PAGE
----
With the S&P 500 clawing back all of its Covid-19 losses this week there have been a number of articles floating around discussing the new bull market and end of the bear market. 2020 has been a rollercoaster on so many different levels and while it would take me years to opine on everything that has happened it feels like now is as good a time as any to talk about what constitutes a bull or bear market.
Before we get into the percentage move to define a bull or bear market, I thought it would be interesting to explain why a bull market describes prices going up and a bear market describes prices going down. If you have ever been to a Baylor University athletic game you would know that each market gets its moniker from the way each animal attacks. A bull will thrusts its horns up into the air while a bear swipes down.
So now that you have the visual, let’s get into how each market is traditionally defined as a move of 20% or more in price. I am not really sure why 20% is the magic number other than a 20% move would be considered either painful or joyful so might as well use that number. In a year like 2020 when you have a 30% move lower in February - March followed by a 50% move higher from March-August the quick assumption is that we had an end to a bull market in February, a bear market in March followed by a new bull market beginning in March. That seems like a lot to digest in such a short period of time.
In fact, many investors, writers, bloggers, journalists, TV personalities, etc. have discussed this at great length. At the end of the day, it really doesn’t matter how you want to characterize the last 6 months of market action because all that matters is your bottom line. The problem is that where the last 6 months takes us from here is going to go a long way towards your future bottom line and deserves some careful thinking.
I prefer to define a bull and bear market more qualitatively. For someone that makes a living off analytics, this is difficult for me to admit but is worth the explanation. A bull market can be defined by a market that moves higher in price over an extended period of time. It is also accompanied by enthusiasm from investors to buy assets. Dips happen and are normal in any bull market and are usually met with eager buyers willing to put more money to work. Bull markets also are defined by this process happening over and over again and would last several years as investors get used to the behavior of buying assets each time there is a correction. Time is an important factor in this consideration because when someone looks at their statements on a quarterly, semi-annual, and annual basis the numbers are growing in a bull market. Investors feel comfortable with what they hold and have expectations that these assets will continue to grow into the future which is why they continue to buy each time there is a correction. With this definition of a bull market, you cannot claim that the bull market has ended until these criteria no longer exist.
A bear market on the other hand can be defined as a market that moves lower in price over an extended period of time. This is accompanied by investors’ willingness to sell assets. Rallies are met with selling pressure as sellers take advantage of higher prices to get out. This is combined with general frustration as each time it looks like an investor is going to make their money back, prices turn down and move lower than where they were the last time. Time is important again, because corrections can be very painful with significant drawdowns but a real bear market frustrates investors each time a recovery attempt is made. While bear markets typically do not last as long as bull markets, they tend to last several months or years with quarterly, semi-annual, and annual statement trending lower in price. Investors become very reluctant to buy shares and focus more on keeping what they still have in expectation that prices will continue to fall. With this definition, you cannot claim that the bear market has ended until these criteria no longer exist.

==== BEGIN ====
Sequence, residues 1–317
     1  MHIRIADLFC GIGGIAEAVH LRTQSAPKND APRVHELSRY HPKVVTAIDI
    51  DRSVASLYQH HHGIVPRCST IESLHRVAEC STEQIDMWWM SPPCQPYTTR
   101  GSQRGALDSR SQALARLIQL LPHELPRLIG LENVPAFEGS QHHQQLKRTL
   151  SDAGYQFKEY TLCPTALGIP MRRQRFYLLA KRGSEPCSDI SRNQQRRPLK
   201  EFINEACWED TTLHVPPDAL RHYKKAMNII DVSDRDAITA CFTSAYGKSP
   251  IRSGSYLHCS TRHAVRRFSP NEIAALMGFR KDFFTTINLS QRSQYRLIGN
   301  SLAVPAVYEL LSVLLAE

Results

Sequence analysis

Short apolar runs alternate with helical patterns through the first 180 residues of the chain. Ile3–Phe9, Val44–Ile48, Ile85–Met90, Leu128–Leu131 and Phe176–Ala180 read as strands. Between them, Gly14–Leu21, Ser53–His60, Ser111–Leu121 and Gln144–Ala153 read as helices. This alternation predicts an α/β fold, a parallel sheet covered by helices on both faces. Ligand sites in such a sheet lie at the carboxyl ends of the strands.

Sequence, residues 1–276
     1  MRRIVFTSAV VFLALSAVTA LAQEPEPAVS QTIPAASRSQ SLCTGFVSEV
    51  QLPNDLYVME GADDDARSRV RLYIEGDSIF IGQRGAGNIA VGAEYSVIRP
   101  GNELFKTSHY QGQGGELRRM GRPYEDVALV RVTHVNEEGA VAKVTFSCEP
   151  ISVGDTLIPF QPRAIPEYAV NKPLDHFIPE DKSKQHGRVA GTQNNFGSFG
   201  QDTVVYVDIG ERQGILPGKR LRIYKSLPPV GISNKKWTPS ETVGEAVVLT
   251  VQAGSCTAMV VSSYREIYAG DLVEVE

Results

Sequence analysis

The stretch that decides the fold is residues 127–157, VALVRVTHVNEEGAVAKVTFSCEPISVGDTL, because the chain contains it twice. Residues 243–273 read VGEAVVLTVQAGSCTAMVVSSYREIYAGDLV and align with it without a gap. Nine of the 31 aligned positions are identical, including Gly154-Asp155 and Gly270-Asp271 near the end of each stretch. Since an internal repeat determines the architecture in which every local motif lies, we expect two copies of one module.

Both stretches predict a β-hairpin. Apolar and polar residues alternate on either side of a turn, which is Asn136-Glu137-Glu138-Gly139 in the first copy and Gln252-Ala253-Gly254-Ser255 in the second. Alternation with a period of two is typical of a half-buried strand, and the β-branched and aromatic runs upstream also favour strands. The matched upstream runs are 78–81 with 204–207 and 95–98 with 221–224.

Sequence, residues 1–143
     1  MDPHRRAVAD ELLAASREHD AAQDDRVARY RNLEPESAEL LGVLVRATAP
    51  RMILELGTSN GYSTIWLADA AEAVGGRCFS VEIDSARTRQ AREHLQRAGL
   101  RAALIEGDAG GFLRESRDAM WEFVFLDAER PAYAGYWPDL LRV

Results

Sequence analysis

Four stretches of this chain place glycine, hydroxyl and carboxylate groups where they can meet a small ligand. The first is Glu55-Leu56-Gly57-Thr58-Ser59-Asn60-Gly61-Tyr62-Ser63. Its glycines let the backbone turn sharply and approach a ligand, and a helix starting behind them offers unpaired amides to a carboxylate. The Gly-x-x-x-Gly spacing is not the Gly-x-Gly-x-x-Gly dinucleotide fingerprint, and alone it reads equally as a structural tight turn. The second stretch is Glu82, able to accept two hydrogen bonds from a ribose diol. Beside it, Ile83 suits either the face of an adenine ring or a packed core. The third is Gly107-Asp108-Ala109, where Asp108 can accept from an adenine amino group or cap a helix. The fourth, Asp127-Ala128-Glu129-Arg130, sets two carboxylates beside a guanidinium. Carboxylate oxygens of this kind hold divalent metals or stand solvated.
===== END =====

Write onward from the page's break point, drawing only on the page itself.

Using these definitions it is very hard to claim that the March crash was a bear market. The below chart compares the 2020 downturn to the median bear market. Even though the peak to trough move displayed the magnitude of a bear, the recovery happened so quickly that a bear waking up from hibernation would never even know what happened.
In fact, this downturn and bounce back meets every criteria of a bull market correction and has none of the characteristics of a bear market. A bear market bottom is accompanied with pain, anguish, distress, and conservative behavior. At the bottom in March and throughout the subsequent rally the buying has been much more indicative of a bull market as speculative behavior has run wild in recent months as shown below. Day trading and call option buying are not behaviors that accompany bear markets and especially not bear market bottoms.
I hope this helps shed some light on the debate about what constitutes a bull and bear market. I also hope that it removes some of the daily noise and helps shape some investment decisions moving forward in realizing that the bull market never ended and by purchasing right now you are not buying at the beginning of a new bull market but simply at some point in the bull market that began in March 2009. This bull market will eventually end when no one wants to sell it and the next bull market will begin when no one wants to buy it.